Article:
The qualification of place by its quiddity is not like qualifying a subject by its accidents. It is, rather, like qualifying the simple by its essentials. Place's being place cannot be negated to place. Being place is not an occurred or conditioned issue for place; rather, place is necessarily place, and one cannot conceive of a place that is merely the quiddity of place qua place and not place. This is because place is inherently place qua place. In other words, the phrase 'place is in existence' is exactly the same as the reality of 'place is place'. Qualifying place by the quiddity of place is an essential, rather than mentally-positied, qualification.

However, the quiddity of place is not separated from place, and the truth is that whatever we say about place is nothing but place, and we cannot doubt place's being place, though we can doubt the existence or non-existence of objects.

In other words, we might have doubts about objects' being or non-being in place. Hence, asking about the place of place is irrational and unimaginable. Attributing place to place is an essential attribution, and place does not occur to the essence of place. Moreover, the duality governing the relation between existence and quiddity does not work here. Accordingly, the principiality of place has no regression, and there is no doubt in the oneness of place with itself.

The intellect can never grasp the quiddity of place without spatial considerations. This reveals the essential affirmation of place. The quiddity of place is never void of any modes of place; as a result, place is never empty of place, not due to the consideration of mental existence, but due to the impossibility of denying place to the essence of place. The intellect deliberates over quiddity without considering any other existing object, and we cannot say that, in a sense, the intellect empties the quiddity of place from all modes of existence, and, in another sense, considers the quiddity of place like one of the modes of place. Therefore, there is no duality in the mental consideration of the quiddity of place, and we must basically say that there is no duality in the consideration of other quiddities either. Rather, there are two different perceptions instead of one; i.e., the perception of the quiddity of the existent and the perception of the quiddity of the non-existent. However, propounding that they are two considerations rather than two perceptions does not open a new window to reality and fails to bring about any victory. In fact, we can only view it as an argument that has repeatedly deceived our ears like a pleasing piece of music.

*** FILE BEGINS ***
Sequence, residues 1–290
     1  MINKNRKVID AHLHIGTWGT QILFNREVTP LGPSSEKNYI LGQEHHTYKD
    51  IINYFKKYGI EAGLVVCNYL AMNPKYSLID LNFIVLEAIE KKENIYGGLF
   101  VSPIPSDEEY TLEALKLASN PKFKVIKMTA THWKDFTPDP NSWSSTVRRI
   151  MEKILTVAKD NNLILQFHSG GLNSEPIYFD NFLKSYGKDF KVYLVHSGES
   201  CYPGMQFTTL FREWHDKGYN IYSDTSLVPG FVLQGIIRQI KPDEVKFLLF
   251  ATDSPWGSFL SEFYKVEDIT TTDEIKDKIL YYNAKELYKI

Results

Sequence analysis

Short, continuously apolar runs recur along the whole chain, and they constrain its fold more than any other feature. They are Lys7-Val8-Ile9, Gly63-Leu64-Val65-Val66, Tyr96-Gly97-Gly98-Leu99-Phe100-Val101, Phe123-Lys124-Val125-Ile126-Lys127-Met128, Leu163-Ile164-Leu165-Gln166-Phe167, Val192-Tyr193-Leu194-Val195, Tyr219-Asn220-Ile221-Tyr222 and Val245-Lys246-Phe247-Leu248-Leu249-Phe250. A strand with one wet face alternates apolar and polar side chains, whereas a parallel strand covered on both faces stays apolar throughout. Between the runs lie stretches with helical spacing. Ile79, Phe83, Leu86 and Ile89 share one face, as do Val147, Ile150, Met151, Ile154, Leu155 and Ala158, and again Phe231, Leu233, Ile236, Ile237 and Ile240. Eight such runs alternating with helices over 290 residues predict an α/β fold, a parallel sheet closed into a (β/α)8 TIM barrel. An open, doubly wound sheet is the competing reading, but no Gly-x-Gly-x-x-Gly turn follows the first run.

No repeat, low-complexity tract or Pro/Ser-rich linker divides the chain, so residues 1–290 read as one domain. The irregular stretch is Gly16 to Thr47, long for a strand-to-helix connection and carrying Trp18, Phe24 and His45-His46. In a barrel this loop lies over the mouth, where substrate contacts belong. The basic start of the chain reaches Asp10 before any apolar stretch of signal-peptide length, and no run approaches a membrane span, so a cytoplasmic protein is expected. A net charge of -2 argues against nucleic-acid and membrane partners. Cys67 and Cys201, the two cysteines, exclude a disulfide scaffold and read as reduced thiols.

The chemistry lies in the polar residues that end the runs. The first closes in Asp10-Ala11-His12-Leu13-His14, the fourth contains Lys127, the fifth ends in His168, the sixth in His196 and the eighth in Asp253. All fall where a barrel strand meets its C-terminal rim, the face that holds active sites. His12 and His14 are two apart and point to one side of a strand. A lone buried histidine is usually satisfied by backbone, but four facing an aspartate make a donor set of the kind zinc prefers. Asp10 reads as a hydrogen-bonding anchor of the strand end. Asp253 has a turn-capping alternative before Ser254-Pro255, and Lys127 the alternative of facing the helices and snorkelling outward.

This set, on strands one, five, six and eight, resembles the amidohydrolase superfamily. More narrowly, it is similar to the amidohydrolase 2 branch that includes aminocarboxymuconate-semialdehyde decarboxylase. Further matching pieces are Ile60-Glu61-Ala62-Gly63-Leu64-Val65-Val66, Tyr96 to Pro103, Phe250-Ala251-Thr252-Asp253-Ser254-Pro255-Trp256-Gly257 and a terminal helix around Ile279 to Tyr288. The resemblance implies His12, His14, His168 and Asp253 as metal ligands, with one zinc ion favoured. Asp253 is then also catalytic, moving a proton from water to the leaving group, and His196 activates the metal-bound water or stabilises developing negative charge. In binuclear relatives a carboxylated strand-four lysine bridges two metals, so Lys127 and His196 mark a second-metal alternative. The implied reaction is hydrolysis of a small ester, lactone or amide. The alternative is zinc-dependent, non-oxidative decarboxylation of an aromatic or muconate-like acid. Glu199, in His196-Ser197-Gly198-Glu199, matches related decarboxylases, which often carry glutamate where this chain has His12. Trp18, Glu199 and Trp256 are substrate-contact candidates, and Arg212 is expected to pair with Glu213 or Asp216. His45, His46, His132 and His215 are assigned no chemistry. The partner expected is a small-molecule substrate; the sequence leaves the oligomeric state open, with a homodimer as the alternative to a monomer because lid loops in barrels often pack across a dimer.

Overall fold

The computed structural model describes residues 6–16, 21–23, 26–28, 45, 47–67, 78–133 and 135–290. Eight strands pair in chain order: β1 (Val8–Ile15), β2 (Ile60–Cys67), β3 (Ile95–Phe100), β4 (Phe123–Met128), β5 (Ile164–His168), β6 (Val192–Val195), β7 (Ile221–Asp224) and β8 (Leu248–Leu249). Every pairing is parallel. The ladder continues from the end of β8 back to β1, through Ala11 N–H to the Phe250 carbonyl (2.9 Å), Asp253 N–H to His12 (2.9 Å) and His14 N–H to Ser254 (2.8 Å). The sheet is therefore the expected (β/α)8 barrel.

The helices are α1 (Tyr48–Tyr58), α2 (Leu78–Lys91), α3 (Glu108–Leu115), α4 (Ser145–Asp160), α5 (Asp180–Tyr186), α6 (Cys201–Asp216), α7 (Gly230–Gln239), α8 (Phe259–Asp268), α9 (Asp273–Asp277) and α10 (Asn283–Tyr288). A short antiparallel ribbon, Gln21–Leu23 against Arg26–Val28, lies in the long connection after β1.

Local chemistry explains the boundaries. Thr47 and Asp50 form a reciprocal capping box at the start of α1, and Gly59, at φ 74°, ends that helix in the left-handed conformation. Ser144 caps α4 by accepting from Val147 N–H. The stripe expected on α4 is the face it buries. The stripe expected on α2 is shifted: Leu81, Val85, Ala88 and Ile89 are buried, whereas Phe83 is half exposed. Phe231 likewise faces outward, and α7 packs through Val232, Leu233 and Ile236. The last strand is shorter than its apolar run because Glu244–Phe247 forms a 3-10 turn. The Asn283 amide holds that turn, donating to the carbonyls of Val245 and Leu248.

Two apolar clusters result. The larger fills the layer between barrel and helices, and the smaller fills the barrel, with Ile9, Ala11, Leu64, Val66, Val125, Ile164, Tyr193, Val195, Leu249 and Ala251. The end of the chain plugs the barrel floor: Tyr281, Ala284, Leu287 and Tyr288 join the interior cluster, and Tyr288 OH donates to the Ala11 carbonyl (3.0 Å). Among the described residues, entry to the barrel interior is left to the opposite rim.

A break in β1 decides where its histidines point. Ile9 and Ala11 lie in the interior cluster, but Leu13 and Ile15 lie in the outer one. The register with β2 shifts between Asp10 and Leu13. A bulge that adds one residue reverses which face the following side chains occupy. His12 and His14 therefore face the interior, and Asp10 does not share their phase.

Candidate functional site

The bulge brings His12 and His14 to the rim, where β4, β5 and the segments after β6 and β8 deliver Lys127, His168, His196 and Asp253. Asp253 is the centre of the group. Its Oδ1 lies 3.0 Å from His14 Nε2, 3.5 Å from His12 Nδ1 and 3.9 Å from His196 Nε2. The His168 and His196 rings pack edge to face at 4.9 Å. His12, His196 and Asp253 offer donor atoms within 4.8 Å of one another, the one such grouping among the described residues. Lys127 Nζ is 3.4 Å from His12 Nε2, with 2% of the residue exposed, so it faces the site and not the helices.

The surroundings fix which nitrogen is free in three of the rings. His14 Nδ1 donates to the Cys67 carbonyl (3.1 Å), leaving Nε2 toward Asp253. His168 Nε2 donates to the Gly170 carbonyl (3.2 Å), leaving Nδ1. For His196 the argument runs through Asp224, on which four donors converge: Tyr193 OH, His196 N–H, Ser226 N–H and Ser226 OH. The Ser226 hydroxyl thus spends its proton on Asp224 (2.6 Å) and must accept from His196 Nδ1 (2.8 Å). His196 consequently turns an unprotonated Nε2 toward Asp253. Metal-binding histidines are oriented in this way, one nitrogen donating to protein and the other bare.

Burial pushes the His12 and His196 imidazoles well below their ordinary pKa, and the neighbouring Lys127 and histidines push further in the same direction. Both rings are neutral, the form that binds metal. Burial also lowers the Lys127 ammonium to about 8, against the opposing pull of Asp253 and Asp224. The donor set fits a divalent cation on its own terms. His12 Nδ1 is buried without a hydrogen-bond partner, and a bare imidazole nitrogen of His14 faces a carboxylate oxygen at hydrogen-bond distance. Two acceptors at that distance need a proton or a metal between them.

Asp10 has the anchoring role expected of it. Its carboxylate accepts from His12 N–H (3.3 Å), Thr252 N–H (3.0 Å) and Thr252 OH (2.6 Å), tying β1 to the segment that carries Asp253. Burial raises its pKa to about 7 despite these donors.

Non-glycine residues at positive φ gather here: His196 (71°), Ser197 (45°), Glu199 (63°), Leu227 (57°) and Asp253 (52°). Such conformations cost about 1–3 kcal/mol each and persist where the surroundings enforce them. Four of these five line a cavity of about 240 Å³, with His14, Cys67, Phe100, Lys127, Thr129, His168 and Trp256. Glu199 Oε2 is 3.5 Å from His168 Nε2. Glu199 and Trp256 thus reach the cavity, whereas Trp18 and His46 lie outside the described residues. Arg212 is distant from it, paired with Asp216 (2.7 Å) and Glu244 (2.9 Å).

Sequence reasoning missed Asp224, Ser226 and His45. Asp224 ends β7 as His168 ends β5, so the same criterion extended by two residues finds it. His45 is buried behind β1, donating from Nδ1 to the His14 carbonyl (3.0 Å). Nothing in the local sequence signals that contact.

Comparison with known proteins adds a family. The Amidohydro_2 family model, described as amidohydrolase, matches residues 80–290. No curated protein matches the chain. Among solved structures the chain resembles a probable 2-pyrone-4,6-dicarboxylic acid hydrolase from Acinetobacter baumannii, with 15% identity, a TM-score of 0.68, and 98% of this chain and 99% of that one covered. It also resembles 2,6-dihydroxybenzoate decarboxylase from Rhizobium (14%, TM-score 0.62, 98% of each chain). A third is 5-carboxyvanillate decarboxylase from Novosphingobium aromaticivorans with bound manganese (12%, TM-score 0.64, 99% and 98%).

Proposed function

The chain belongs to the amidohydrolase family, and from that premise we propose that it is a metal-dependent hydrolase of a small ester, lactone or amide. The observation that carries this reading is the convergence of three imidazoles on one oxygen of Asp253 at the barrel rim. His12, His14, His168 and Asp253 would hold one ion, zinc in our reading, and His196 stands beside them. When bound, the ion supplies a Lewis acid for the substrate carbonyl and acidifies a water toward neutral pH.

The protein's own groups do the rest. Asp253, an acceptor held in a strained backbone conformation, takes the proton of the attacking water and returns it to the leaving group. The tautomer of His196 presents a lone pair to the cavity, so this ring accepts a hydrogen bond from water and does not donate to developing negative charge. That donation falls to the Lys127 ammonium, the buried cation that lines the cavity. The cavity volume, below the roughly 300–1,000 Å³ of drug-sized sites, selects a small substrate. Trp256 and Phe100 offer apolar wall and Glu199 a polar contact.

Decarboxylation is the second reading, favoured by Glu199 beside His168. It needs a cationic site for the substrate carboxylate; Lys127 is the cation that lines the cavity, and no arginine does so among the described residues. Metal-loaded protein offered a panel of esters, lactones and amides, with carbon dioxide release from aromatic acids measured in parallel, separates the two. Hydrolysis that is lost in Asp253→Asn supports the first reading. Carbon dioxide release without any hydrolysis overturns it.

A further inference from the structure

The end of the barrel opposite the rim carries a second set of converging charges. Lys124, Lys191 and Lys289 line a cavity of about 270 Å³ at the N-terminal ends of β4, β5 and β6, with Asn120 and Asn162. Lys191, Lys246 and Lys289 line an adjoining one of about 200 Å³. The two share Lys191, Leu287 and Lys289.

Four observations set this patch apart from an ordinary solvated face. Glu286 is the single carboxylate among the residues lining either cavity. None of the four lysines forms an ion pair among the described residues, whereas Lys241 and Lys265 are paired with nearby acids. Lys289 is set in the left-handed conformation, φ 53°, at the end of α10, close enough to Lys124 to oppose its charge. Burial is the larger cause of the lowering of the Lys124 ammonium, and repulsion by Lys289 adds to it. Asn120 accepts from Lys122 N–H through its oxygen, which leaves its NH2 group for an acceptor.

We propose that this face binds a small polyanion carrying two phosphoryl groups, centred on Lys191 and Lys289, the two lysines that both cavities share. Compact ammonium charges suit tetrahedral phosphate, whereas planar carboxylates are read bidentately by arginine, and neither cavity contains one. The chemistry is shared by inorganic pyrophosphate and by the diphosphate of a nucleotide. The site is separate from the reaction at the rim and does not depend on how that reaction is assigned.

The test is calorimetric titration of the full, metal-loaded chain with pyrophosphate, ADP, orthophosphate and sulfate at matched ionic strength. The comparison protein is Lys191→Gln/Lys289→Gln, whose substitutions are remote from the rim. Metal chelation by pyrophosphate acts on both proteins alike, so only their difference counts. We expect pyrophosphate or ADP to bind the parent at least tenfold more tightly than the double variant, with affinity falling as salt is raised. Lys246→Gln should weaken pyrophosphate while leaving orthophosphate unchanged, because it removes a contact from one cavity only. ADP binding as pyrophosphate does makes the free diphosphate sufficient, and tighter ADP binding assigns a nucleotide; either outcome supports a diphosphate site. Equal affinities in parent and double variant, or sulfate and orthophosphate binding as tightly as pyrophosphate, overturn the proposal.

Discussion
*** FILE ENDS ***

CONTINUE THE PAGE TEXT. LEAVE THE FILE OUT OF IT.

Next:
[1]. Naturally such simplicity of place requires simple geometries. Similarly, such geometries satisfy our physical theories of place.

[2]. Mulla Sadra, al-Asfar, 1981, 3rd  ed. vol. 4, pp. 215-216, Beirut, Dar al-Ahya.

[3]. Ibid., part 1 from the 1st journey, p. 425.

[4]. Ibid., p. 426.

[5]. Ibid., vol.1, p. 426, 2nd gloss.

[6]. Mulla Sadra, 1371 A.S., Mafatih al-ghayb, 2nd  ed., pp. 690-691. Translation and glosses by Mohammed Khwajawi, Tehran, Mawla Press.

[7]. Since matter enjoys no limit, one cannot conceive of any limit for this continuous quantity in corporeal objects. Moreover, Mulla Sadra believes that infinite dimension is impossible both in vacuum and in plenum. He does not offer a new argument in this regard.

[8]. "Form of Place and Possibility of Form", Letter of Philosophy (Namah-i falsafah), no. 5, Tehran, Office for Cultural Research, Winter 1377 A.S. and Spring, 1378 A.S.

[9]. Mulla Sadra, 1371 A.S., Mafatih al-ghayb, 2nd ed., p. 646. Translated by Khwajawi, Tehran, Mawla Press.

[10]. Mulla Sadra, al-Asfar, 1981, part 1 from 1st journey, 3rd edition, p. 311. Beirut, Dar al-Ahya.

[11]. Ibid., p. 300.

[12]. Ibid.

[13]. Ibid., p. 302.

[14]. Ibid.

[15]. Unlike Shaykh al-Ishraq, he considers the content of imaginal forms as being limited to the essence of the essential receptacle.

[16]. Mulla Sadra, op. cit. vol. 10, p. 300.

[17]. Ibid., p. 300.

[18]. In this short paper, we do not intend to clarify the nature and number of worlds in Mulla Sadra's view. There are several questions concerning his view of the worlds, their relations to each other, and their grades. However, what is related to the issue of the trans-substantial motion is that this motion apparently includes the world of the sense and is included in it. The substance of the world has a transitory and flowing existence, although its quiddity, unlike the nature of time and motion, is not in change and flux. The substance of the world is essentially in motion, passage, and renewal, and its truth is nothing other than annihilation and origination. This origination is a substantial one.

[19]. Mulla Sadra, op. cit., vol. 1, p. 302.

[20]. Plato's real name was Aristocle, and, interestingly enough, Plato, the name that people gave him is a spatial and extensional attribute and means 'wide'.

[21]. Mulla Sadra, op. cit., p. 307.

[22]. Ibid., pp. 311-312.

[23]. Ibid., pp. 297-298, 2nd gloss.

[24]. Ibid., p. 306, 1st gloss.

[25]. Ibid., p. 297.

[26]. Ibid.

[27]. Ibid., p. 281.

[28]. Ibid., p. 293.

[29]. This predication is true whether place is substance or accident.

[30]. Mulla Sadra,  Hikmat al-muta'aliyyah, 1222 AH, p. 13.

[31]. Mulla Sadra, al-Asfar, 1981, part 1 from 1st journey, 3rd edition, p. 311. Beirut, Dar al-Ahya.

[32]. Mulla Sadra, Hikmat al-muta'aliyyah, 1222 AH, p. 13.